Your Cart is Currently Empty
I hope you all enjoyed the Father’s Day weekend. The dads in my life had to share the spotlight with my son who celebrated his 16th birthday this weekend.
I enjoyed some outdoor time and continued listening to The Power of Habit, now in chapter 2. If you missed last week’s newsletter on chapter one, check it out here and enjoy my before and after pictures of my covid weight gain and loss.
As I get further into understand habits, I find myself thinking about how easily humans are manipulated. Not particularly surprising as manipulation is the basis for most advertising campaigns. What made me momentarily scoff was the thought of how much we manipulate ourselves.
That is not necessarily bad if we are using it to form good habits rather than rationalizing bad ones. According to Duhigg, new habits are created by putting together a cue, a routine, a reward, and then cultivating a craving that drives the loop.
I thought about how I built a habit of walking 10,000 steps a day. My cue was the time of day. I walk every morning and that became a routine. My reward, don’t laugh, I feel great when my wrist vibrates and I get my star for the day. I am also motivated by the streak. Today will be day 178 without missing my star.
Another example was when I was writing my first book, The 11 Laws of Likability. I had a year to complete it and I thought that was so much time. But the weeks slipped by without any progress on the book and suddenly I needed to write a chapter every two weeks or I would miss the deadline.
To accomplish this momentous and overwhelming goal, I had to build habits around the work. I parred it down into small accomplishable tasks. I created deadlines and rewards for every task. When I finished a section, I would play a round of Words with Friends. If I finished a chapter, I could watch General Hospital.
I also thought about other habits that we build that can be destructive. My Pavlovian response to the ding of the phone. Some habits work for us, and some habits work against us. According to the book, the key is changing the behavior more than the trigger.
With all this theory, I am trying to figure out how to apply it to my current goal… creating a little space in my calendar. Now I just need to determine my cue, routine and reward. I am open to your suggestions.
What will you do with this idea? Think about the things that you’re struggling to accomplish and how you can break them down. Tell me how you plan to celebrate the wins and reward yourself.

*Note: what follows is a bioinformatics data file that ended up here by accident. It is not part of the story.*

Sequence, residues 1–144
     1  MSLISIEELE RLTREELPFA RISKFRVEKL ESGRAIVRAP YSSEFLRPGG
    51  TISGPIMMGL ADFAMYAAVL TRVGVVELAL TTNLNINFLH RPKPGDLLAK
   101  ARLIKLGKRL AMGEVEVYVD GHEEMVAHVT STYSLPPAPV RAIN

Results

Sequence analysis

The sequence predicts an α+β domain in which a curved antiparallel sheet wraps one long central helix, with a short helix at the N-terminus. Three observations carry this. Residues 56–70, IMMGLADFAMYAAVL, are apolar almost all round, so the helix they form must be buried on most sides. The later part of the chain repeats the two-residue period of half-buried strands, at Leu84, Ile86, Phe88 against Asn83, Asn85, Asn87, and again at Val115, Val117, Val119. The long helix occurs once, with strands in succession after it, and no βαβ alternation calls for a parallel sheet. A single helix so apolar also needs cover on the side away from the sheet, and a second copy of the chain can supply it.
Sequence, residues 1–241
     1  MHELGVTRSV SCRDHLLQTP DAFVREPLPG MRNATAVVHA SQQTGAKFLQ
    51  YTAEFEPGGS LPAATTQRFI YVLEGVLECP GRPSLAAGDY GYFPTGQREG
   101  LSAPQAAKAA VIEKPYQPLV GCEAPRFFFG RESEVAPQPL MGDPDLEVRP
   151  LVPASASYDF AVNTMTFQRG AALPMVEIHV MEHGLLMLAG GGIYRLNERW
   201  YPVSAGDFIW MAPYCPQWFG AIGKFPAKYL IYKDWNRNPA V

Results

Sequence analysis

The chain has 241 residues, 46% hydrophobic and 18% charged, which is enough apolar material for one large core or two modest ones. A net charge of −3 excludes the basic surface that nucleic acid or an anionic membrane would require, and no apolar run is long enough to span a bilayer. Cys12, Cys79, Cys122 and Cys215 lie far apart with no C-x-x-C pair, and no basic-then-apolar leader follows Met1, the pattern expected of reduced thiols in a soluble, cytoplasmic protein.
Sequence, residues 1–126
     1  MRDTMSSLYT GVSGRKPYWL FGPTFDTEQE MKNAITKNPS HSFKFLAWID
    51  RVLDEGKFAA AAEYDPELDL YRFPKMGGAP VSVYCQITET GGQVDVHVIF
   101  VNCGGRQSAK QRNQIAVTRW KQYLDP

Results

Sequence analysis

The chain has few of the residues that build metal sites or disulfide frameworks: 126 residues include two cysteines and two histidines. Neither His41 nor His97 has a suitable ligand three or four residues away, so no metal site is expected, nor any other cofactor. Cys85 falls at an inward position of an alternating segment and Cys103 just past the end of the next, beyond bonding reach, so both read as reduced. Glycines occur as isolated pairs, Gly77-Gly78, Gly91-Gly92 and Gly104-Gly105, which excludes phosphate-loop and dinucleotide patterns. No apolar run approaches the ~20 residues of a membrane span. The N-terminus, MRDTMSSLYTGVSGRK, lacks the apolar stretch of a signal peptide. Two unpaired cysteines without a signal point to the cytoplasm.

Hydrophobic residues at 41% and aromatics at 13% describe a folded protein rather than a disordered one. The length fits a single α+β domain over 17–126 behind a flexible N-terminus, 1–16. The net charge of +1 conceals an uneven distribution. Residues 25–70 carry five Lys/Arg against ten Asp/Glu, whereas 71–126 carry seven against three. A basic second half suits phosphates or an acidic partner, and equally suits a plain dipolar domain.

ABOUT THE AUTHOR
Michelle Tillis Lederman, (CSP, PCC, SCC, MBA) is an expert on workplace communications and relationships. Named by Forbes as one of the Top 25 Networking Experts, and one of the Top 30 Communications Professionals in the World by Global Gurus. Michelle is a speaker, trainer, executive coach, and author of four books including The Connector's Advantage and The 11 Laws of Likability. She was invited to the Marshall Goldsmith 100 Coaches Group, “100 Coaches Community brings together the world’s premier leadership thinkers” to seek ways to advance positive impact and give back to society.
An executive coach, people expert, and CEO of Executive Essentials, Michelle inspires organizations and individuals to build real relationships and get real results. Having worked with fortune 500, non-profit, university and government clients she’s identified the common struggle… it’s people challenges. When asked by her young son what she does, she simply replied, “I help people work better together.” This purpose has driven her work with clients large and small including JPMorgan, J&J, Deutsche Bank, Michigan State University, MetLife, Sony, Ernst & Young, the Department of Environmental Protection, and Madison Square Garden.
She received her BS from Lehigh University, her MBA from Columbia Business School, holds the PCC designation from the International Coaching Federation, and is certified in Marshall Goldsmith’s Stakeholder Centered Coaching method. Executive Essentials is a certified Women Business Enterprise.